Every once in a while I re-read this poem my son wrote to honour my parents at their 80th birthday party. Every time I read it it is with new eyes. Today I am thinking about the word legacy, and what that means. My parents are aging and I am facing my own aging and what it means - "To whom much is given, much is required." My parents have given so much to me, to my children, to others. Watching them, appreciating the many sacrifices they made for us, I am inspired by the legacy they are leaving.
Brene Brown has said that the research has shown that who we are as people has far more influence on our children than any of our parenting methods. So I had it wrong all those years of trying to be the perfect parent. Of failing to be the perfect parent, actually. And I have learned far more from my parents than from anything they have tried to teach me, just by watching them.
Some of the seeds that were planted years ago when my mom dragged me along to the Nursing Homes to sing to people, when she stopped the car to make me pick up the garbage I had cavalierly thrown out the window, when she camped out at my house and did the night watch so that I could get a few hours of sleep after I had a new baby, when my dad helped new immigrant families by offering employment, friendship, and helping them find homes - these are among the many things they taught me without words; be there for people, give what you can, do the right thing, let a new mom get some sleep.
Many times in the past, I have told my mom that I can't believe all that she sacrificed for me in helping me raise my children. She would casually answer - Oh, one day you'll do the same for your own kids, and I would think to myself, I don't think so. And yet, what she didn't tell me was that maybe one small act at a time, done with love, might add up over a lifetime. At least, that is what I am hoping for. Because what she also didn't tell me is that love causes us to do great things. And that too is what I hope for.
For King Waldemar and Queen Elizabeth, and all the family monarchs
When I was nine my Oma slapped my hand for using a bad word, shaped calm and clear into the quick and crude of my thoughts and speech.
Today I use worse words, more freely, and my hands go unpunished and unguilty.
When I was thirteen my Opa showed me how to clean toilets in his machine shop, how to collect metal fractals with a broom and empty buckets with an overhead crane, shrunk machines from cold giants into pliable tools, took the same fear that conflated a lack of light with a lack of courage and made it into a confidence learned only through doing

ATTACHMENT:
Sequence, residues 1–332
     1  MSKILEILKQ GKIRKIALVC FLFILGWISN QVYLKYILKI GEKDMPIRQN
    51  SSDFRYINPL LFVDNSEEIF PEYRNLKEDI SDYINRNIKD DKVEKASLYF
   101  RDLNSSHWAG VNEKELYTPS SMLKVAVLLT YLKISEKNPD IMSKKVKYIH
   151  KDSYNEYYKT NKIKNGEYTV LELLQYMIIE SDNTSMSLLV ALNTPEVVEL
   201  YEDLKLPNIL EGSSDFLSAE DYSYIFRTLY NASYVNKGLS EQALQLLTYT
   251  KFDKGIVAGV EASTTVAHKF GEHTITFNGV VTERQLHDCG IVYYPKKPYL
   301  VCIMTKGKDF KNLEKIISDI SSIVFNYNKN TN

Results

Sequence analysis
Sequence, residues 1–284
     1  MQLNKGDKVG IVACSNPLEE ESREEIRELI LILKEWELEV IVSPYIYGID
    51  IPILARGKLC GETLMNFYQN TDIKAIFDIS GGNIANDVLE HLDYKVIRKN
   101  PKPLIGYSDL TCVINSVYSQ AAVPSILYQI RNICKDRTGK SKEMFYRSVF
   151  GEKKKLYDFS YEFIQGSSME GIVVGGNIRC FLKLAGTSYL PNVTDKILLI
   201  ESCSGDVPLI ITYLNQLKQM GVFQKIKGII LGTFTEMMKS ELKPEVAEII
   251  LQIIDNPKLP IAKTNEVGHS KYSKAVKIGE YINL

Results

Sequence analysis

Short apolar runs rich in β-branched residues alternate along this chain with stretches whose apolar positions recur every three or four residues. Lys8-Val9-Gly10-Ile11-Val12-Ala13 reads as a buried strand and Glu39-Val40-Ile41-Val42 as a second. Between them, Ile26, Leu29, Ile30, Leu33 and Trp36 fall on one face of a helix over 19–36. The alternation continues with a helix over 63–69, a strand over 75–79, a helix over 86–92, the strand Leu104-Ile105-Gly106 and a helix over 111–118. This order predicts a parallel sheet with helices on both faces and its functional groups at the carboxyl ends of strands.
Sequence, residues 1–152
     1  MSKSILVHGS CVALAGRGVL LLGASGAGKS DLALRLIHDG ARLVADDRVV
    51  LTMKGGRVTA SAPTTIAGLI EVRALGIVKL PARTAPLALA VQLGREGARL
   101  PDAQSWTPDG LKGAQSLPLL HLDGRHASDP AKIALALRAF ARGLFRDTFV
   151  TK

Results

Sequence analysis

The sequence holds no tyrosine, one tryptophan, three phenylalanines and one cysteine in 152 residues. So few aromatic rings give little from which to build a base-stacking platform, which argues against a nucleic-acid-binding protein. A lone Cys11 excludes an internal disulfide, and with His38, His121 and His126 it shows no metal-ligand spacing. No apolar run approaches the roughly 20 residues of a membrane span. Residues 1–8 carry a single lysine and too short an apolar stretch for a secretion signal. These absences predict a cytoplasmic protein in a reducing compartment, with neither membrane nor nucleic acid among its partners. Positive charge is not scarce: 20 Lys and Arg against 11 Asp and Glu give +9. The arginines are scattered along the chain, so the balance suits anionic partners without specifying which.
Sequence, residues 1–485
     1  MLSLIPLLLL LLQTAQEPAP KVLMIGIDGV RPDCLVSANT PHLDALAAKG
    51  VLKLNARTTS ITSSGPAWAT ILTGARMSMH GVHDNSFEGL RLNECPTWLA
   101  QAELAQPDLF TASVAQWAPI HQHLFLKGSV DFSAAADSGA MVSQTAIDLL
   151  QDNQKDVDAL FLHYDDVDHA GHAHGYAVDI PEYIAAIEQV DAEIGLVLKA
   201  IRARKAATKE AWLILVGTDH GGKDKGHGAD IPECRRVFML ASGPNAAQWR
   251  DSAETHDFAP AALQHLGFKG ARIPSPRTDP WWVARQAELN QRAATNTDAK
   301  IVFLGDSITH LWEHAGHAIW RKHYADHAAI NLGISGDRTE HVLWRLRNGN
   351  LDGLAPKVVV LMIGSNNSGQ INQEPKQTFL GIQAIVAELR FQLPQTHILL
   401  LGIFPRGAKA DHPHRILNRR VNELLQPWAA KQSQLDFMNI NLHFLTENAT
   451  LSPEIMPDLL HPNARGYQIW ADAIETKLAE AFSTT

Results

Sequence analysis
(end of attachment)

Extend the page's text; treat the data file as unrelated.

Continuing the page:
And the lesson, again, wasn’t about being an uncertified, underage crane operator,
It was about discipline, but you had the wisdom not to tell me outright
To come by contemplation, like finding the purpose of a bee’s search for nectar not through a sentence but through our eyes, measuring its meanderings against the frantic purpose of its desire.
We watched you like satellites, hoping for your stooping arms to open and swaddle us as we clamoured on, knowing that we had your affections despite our best efforts at vanity and bravado.
Vanity and bravado, the virtues I found most readily in the church of my youth,
Where the most foyer-appropriate questions I heard were “Where did you get those fabulous earrings?” and “Should we go to the Olive Garden or Swiss Chalet for lunch?”
The church of half-concealed faith, where my Oma and my Opa sit at the ready, spreading grace like it’s the currency of a dying country, raising congregants from their placated stares into the joys of honest living, from the travesty of invented confidence into the majesty of attempted holiness, a departure from the false god of perceived wealth. Because
When did the contents of our wallet begin to matter more than the concept of a conscience of courage?
I learned the difference from watching you.
You who let my difficult questions ease past any preconceived alarms,
You, who found a path where no path was carved,
You, who had the humility to be open to things you didn’t understand,
Like sound therapy and the power of midwives,
You with your shameless garage-sale bartering and hands like twin rivers
Carved from decades of gentle Clydesdale workings
Gnarled around homespun pant repairs and the taut delicacy of cabbage rolling,
You, who knew poverty,
Whose struggles have been your own, whose faith has strengthened the pant-leg patchwork of this broken world
And whose humble diligence elevates all our disciplines.
Ours is a world that leans towards complacency,
Commonplace like the dismissal of our elders as irrelevant,
You, the keepers of a wisdom I can only pretend to have a corner on,
Spitting words like spinning tires, hoping that they might catch and bring us somewhere real, some place like the grace I find in your eyes every time I walk through your door and you see my inherited smile, my young hands still sharp-edged and uneroded by time and labour.
Savour this moment like the season’s last sugar plum, there’s more to be enjoyed but it’ll take a year’s patience, a year of something none of us have much of, a year of time. And at a very young age I learned that time is a gift worth more if spent in love,
And that love itself was something of a great machine,
Not to be feared or cursed at, but approached with the kind of courage fashioned by a discipline that you started shaping in me at the age of thirteen, of nine, of three, of nothing at all. And before I know it, I’m 80 years old and your lives are a distant memory. But my bones will be shaped by the rivers of time that I owe to you, and the smile on my face and the tears on my cheek will be the markings of a God that lived through two people who allowed grace and love to live through them,
Because it doesn’t take faith to know that you love us.
And that love itself lives in the blood and bones of everyone in this room
That our courage, our grace, our tears, our smiles